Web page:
Brain bleeding after stroke may be healed by immune cells

A study funded by the National Institutes of Health suggests that immune cells called neutrophils play a critical role in protecting the brain after a stroke.


Intracerebral hemorrhages account for 10 to 15 percent of all strokes, and occur when blood vessels rupture and leak blood into the brain.
Researchers conducted tests on mice and found that instead of attacking germs, certain neurtrophils help the brain heal after an intracerebral hemorrhage.

“Intracerebral hemorrhage is a damaging and often fatal form of stroke for which there are no effective medicines,” Dr. Jaroslaw Aronowski, professor in the department of neurology, at the University of Texas Health Science Center at Houston, said in a press release. “Our results are a hopeful first step towards developing a treatment for this devastating form of stroke.”

Prior research showed that neutrophils can potentially harm and heal the brain as they are the first immune cells to respond to a hemorrhage.

For this study, researchers found that a protein that controls the activity of immune cells, known as interleukin-27, or IL-27, can alter the role of neutrophils from harming to helping the brain recover from a stroke.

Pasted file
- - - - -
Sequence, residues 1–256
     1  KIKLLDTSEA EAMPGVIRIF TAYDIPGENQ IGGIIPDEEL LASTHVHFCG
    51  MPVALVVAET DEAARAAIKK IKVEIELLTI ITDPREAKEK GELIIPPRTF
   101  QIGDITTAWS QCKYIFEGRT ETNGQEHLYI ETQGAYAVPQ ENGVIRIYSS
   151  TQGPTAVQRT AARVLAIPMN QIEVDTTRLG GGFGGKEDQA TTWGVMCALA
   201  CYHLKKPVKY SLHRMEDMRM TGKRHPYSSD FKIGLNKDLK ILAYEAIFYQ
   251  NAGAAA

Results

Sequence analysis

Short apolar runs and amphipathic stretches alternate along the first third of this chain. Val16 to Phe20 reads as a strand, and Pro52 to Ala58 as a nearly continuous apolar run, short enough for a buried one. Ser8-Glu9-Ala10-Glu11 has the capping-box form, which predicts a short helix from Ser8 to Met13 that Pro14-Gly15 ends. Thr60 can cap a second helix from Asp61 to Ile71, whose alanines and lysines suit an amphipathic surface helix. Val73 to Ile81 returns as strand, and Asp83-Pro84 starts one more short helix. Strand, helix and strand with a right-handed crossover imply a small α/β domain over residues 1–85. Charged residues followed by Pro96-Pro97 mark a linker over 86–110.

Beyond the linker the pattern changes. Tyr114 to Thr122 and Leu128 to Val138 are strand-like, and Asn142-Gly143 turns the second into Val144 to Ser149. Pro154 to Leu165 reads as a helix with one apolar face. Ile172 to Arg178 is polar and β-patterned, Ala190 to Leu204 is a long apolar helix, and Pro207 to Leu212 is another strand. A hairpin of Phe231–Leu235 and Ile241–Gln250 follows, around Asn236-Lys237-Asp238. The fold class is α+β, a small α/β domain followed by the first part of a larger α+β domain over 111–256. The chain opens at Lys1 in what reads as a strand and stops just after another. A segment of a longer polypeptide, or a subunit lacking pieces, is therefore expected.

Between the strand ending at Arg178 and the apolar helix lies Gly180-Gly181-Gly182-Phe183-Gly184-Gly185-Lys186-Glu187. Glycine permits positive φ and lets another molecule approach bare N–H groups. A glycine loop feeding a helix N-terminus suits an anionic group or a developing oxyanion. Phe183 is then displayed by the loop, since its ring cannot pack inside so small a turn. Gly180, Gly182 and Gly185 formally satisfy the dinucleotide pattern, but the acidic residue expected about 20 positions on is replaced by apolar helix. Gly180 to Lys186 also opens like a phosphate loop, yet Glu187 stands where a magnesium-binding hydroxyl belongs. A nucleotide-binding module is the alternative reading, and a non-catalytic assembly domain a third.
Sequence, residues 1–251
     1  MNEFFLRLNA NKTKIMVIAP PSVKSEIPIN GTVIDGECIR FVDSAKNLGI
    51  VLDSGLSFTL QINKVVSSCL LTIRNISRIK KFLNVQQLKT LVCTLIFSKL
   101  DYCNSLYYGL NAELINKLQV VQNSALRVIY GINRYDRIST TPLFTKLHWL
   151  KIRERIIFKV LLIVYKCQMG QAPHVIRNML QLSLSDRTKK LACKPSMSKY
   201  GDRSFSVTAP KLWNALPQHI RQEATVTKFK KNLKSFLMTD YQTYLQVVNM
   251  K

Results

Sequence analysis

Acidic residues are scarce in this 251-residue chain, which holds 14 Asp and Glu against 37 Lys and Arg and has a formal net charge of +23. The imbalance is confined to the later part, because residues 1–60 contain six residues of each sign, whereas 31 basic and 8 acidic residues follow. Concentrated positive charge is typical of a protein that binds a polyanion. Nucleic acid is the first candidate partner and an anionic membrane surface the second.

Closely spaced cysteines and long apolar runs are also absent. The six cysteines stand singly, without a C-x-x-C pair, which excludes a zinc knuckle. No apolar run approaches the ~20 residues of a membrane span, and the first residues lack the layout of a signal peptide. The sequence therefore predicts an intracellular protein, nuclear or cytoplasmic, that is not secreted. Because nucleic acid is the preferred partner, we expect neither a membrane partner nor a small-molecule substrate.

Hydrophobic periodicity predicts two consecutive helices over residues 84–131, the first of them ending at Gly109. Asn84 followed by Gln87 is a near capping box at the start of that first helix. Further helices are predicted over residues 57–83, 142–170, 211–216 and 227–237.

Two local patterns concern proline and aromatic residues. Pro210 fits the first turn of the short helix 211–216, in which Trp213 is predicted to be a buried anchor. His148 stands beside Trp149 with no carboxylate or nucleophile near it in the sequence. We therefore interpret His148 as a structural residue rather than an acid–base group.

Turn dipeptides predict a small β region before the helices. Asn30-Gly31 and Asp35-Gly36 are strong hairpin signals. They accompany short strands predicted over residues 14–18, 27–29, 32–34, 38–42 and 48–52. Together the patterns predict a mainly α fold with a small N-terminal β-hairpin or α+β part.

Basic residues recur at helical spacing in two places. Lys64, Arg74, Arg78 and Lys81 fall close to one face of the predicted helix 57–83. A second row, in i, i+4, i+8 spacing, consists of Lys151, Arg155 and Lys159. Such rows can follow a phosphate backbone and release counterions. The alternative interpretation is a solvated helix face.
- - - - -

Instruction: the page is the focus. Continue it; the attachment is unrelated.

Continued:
Experiments showed that after a hemorrhagic stroke, the brain secretes high levels of IL-27, leading to a second release of neutrophils with granules filled with higher amounts of healing molecules.

Researchers found that IL-27 levels increased in the brain and blood of mice an hour after hemorrhage and stayed elevated for up to three days. IL-27 molecules travel to the bones of the mice in the experiments and infiltrated their bone marrow, changing the role newborn neutrophils play in response to a stroke.

“Our results suggested that IL-27 links the brain to the bones,” Aronowski said. “We can use these results as a source for ideas for developing potential treatments for hemorrhagic stroke.”

Researchers also discovered that the iron building protein lactoferrin can protect the brain from intracerebral hemorrhagic strokes. Rodents injected with lactoferrin 30 minutes after hemorrhages recovered faster and had less brain damage as a result.

By Amy Wallace